Be careful of snakes if they are prevalent in your area. Kentucky, for example crawls with copperheads and cottonmouths, the latter found close to water. In the tangled brush and tall grass of marshes and lake edges, they are almost impossible to see. In such areas, consider snake gaiters in areas where brush or grasses conceal the ground. They are available in many forms from a number of companies both in North America and abroad.
“You Can’t Depend on Denim to Keep Out the Venom”
(SnakeProtex Sales Slogan)
Also beware of concealed sinkholes hidden by marsh grass. Feel ahead with your hiking staff. On a rugged ramble along the edge of Richards Creeks, I dropped one leg to the hip in a completely concealed, one foot diameter, slime-filled sinkhole. I climbed out, covered in nasty stuff, but had I not been lucky, I could have readily broken my femur. This hole probably represented the collapsed roof of an old muskrat burrow.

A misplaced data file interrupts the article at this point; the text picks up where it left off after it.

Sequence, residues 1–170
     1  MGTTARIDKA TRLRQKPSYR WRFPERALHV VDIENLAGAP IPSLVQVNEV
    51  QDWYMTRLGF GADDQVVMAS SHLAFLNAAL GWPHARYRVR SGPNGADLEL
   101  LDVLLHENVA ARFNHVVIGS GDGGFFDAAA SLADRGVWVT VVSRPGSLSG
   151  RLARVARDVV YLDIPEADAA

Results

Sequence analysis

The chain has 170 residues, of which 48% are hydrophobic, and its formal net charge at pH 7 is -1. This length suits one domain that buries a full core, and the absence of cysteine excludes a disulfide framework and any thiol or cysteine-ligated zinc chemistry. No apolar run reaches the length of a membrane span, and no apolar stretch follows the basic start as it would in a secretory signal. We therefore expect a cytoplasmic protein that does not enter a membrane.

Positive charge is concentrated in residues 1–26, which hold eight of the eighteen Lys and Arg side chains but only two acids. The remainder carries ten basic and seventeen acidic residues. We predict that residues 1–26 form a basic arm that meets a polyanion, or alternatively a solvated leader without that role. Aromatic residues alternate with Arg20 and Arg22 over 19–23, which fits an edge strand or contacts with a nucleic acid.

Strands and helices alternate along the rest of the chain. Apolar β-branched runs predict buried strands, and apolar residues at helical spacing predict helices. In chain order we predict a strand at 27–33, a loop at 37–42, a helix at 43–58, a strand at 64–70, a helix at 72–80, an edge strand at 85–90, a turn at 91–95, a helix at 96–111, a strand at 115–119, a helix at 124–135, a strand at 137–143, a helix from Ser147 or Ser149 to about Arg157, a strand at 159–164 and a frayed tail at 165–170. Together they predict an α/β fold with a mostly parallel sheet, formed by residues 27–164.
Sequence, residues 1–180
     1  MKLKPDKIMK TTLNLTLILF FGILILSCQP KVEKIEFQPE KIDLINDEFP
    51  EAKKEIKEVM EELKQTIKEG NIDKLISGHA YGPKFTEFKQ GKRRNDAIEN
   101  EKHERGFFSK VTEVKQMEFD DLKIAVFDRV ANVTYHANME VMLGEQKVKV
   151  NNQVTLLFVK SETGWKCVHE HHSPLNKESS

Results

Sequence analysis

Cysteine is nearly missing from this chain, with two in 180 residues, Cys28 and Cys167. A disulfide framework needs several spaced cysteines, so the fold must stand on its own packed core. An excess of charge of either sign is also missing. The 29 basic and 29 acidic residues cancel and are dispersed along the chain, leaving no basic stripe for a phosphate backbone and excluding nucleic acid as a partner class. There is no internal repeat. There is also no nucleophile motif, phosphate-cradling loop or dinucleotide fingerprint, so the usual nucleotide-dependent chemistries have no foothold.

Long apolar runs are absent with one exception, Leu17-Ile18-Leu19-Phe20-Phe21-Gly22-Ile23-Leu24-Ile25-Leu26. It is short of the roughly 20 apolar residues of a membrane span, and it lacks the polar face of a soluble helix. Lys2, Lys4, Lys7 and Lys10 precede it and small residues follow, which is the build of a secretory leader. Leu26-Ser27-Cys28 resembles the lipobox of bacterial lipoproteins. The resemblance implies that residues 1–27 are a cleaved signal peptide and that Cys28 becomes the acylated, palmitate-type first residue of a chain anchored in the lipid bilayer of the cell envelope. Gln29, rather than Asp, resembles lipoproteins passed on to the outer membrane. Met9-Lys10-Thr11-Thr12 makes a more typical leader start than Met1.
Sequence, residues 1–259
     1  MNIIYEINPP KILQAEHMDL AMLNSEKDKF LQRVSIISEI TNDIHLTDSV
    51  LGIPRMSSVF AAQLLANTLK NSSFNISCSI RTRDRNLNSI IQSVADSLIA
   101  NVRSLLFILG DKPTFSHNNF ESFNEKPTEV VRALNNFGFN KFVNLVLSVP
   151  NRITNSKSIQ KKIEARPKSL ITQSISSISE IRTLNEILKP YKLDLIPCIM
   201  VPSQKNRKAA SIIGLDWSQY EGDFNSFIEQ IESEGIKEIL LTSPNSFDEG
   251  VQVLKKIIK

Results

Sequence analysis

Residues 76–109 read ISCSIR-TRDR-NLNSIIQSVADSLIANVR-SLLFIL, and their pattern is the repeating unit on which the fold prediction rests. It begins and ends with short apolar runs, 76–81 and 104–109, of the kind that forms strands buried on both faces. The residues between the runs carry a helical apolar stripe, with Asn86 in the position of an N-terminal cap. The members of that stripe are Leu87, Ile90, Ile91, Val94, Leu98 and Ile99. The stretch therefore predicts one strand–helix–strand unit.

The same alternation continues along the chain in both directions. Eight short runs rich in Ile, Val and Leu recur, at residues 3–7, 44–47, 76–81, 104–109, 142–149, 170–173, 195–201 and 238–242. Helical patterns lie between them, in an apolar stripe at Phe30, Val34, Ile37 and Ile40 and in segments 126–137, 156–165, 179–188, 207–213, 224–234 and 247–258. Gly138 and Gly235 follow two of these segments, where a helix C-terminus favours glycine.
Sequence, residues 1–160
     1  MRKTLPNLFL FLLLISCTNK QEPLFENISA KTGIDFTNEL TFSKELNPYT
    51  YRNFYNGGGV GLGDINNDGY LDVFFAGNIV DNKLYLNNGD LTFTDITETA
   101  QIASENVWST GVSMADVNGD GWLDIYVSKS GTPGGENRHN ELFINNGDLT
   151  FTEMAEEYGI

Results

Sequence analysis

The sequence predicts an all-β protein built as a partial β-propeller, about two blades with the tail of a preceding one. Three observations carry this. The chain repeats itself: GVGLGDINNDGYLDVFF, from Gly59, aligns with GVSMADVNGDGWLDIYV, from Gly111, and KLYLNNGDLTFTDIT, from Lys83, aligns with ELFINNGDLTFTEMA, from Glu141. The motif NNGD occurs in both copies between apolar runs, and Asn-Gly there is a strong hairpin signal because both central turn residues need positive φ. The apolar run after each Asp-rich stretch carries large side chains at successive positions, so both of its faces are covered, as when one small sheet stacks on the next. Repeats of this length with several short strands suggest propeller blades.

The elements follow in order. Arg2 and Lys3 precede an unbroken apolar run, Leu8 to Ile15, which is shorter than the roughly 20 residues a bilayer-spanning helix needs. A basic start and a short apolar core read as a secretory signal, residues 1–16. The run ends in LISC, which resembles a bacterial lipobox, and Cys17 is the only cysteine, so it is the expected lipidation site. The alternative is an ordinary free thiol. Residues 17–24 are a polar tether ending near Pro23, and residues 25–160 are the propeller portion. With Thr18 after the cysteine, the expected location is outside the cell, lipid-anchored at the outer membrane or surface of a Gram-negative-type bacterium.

Be prepared to have occasional encounters with suspicious property owners, neighbors, passers-by, or local police. I spend my best hours lurking in odd corners, often in the dark, on trails, near marshes, and at deserted ponds, boat ramps, and mud-holes. Most people in these areas have less-than-honorable intentions. I am still waiting to use the line, “Officer, I must confess. I was just trying to score some weed!” Carrying some cute rotifer videos on your cell phone may save you a night in the clink and will help you to be dismissed as an eccentric weirdo, but harmless.
If you are crittering in Australia, consider everything to be poisonous, including snakes, sea shells, jellyfish, tree pythons, and crocodiles, until it proclaims its friendly intentions and asks you in for tea. Crocodiles can run faster than you can, and have been known to tree experienced travelers or attack tents. Consult the locals – they are invariably friendly and helpful if a bit different (comes from starting out with convicts for parents and living in a place where most things, including the central desert, are trying to kill you). Watch out for dropbears.